All about Worship at The Land!

A Note from Pastor Stephanie
This week I have the privilege of offering two workshops at the UMCMA 2019 Summer Institute. Geared toward college campus ministers, I titled my workshop, “Re-Wilding Your College Ministry: Meeting Young Adults Where It Matters Most.” During my 60-minute session, I shared about the development of The Land, the vision for our faith community and the greater movement of the Wild Church all over the globe.

During the Q&A this morning a man raised his hand and asked how I was able to get a congregation to show up in spite of so many uncomfortable conditions. The weather is often unpredictable, the dogs can lack proper worship etiquette and the avoidance of disposable bulletins, cups and dinnerware can feel annoying and inconvenient. Even the walk to the outdoor sanctuary from the parking lot can feel like a burden when the sun is at its peak or our hands are full of stuff.

At The Land, we are not simply asking people to come to Church. At The Land, we are asking people to show up and be the Church

Though I still don’t have an answer, his question has made me realize that underneath a year of questions about worshiping outdoors, this has been the ultimate underlining assumption: that no one would show up to worship in such inconvenient, uncomfortable conditions. His follow up question, however, articulated an even deeper struggle that is rarely discussed. How much am I willing to compromise care of creation to increase comfort for congregants? 

It’s a question that hurts my heart and follows me wherever I go. The impossible balance of keeping people happy, so they will participate, while maintaining practices that hold the sacred task of caring for creation as central. At The Land, we are not simply asking people to come to Church. At The Land, we are asking people to show up and be the Church. At The Land, being the Church looks like letting go and giving up personal comforts provided at the cost creation.  

Worship at The Land is an expansion of belonging to include ALL of Creation as equal and worthy. It is with great intention that our circle of welcome in worship includes dogs who, yes, act like dogs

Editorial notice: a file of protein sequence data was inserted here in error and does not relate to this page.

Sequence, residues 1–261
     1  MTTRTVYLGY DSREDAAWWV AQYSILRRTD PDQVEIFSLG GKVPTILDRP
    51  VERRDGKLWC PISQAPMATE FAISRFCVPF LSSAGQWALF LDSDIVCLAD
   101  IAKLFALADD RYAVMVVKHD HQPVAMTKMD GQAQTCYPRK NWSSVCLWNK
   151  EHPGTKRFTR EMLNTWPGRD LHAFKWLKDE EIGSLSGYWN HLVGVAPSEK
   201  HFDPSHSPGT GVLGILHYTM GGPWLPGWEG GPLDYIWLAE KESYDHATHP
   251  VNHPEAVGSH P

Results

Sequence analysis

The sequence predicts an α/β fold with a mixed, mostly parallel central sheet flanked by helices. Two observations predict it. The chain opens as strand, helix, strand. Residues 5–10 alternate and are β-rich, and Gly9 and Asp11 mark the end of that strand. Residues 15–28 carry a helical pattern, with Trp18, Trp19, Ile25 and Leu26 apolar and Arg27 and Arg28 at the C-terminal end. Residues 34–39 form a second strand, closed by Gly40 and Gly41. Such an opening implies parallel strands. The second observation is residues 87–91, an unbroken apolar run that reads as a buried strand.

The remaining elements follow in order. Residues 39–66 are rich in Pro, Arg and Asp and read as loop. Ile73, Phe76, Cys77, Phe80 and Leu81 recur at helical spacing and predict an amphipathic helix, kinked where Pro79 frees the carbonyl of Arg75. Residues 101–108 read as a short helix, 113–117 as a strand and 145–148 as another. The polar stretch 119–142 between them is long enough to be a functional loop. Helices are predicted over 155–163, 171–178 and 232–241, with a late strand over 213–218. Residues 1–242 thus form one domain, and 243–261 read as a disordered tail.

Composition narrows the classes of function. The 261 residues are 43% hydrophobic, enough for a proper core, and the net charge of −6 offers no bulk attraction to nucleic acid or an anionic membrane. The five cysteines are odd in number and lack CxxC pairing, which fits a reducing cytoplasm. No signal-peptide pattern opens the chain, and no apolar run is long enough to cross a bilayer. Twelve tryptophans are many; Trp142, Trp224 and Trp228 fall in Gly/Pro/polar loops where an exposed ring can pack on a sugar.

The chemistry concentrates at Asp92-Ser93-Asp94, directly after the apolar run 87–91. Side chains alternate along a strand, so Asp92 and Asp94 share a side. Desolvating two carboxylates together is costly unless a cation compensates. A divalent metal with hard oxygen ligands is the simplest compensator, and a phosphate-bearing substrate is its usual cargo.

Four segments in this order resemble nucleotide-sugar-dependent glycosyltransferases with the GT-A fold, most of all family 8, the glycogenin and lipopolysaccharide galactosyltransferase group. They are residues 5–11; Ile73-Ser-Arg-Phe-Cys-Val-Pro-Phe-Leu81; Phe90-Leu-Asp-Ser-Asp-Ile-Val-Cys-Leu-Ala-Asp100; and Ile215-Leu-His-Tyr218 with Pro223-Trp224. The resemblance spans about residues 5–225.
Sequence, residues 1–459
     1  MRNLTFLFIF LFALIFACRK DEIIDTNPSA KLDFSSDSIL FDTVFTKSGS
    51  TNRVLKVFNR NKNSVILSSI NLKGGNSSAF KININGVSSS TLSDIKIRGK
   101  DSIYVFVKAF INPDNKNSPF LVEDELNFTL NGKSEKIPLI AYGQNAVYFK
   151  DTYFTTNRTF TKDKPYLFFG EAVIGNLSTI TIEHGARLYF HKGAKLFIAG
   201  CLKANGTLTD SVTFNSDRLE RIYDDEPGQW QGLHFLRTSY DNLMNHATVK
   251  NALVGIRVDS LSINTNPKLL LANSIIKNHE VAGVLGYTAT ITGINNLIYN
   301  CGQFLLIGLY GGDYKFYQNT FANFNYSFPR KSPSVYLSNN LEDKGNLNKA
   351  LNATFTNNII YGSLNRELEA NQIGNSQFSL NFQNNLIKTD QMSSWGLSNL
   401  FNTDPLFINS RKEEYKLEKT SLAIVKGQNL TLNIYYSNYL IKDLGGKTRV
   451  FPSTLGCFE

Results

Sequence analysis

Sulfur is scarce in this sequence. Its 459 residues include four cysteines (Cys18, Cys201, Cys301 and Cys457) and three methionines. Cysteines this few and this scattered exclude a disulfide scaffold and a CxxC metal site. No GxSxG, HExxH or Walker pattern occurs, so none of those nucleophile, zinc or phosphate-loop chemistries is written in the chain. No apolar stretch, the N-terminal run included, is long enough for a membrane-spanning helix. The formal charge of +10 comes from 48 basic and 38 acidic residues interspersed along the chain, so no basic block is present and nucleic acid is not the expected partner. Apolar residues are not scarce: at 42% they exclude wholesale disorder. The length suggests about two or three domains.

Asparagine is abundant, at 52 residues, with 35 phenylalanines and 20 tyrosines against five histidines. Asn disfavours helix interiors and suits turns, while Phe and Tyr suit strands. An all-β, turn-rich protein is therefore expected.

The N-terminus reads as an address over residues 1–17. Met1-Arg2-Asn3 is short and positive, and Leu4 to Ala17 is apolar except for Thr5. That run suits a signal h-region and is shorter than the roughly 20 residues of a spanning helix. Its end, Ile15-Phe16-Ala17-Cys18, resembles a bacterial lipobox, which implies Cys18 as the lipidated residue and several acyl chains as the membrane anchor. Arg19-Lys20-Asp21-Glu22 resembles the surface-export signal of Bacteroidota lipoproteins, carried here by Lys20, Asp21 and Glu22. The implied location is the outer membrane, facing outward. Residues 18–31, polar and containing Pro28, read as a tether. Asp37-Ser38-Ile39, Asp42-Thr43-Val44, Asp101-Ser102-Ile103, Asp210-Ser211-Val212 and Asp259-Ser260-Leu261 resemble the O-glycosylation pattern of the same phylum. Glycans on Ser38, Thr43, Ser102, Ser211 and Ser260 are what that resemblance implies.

Worship at The Land is an expansion of belonging to include ALL of Creation as equal and worthy. It is with great intention that our circle of welcome in worship includes dogs who, yes, act like dogs. They jump and bark and, sometimes, lay at our feet. Dogs are reminders that we are blessed to be a part of God’s creation, even when we feel bothered.

I’ve been thinking a lot lately about how it should matter more who we are with, than what we are doing when we are with them. Until today, in my mind, this statement had been limited to human friendships. In the context of today’s questions, I wonder if this has been God trying to communicate a whole different vision of congregational life. One that values gathering where all of Creation can be present, over gathering where we might be most comfortable.

After a full year of worshiping outdoors, my heart breaks to imagine all I would loose and leave behind if we were to go back indoors. If I had to choose between worshiping in air conditioning or worshiping with Blaze, Tracey and Doug, I would slap on some sunscreen and load up on ice. If I had to choose between warmth in the winter or being present to the beauty of the falling snow and the flying geese, I would bundle up and grab my thermos. What I have found is that the gifts that come to me from creation far outweigh the comforts that separate me from creation. In worship I am reminded, we belong together.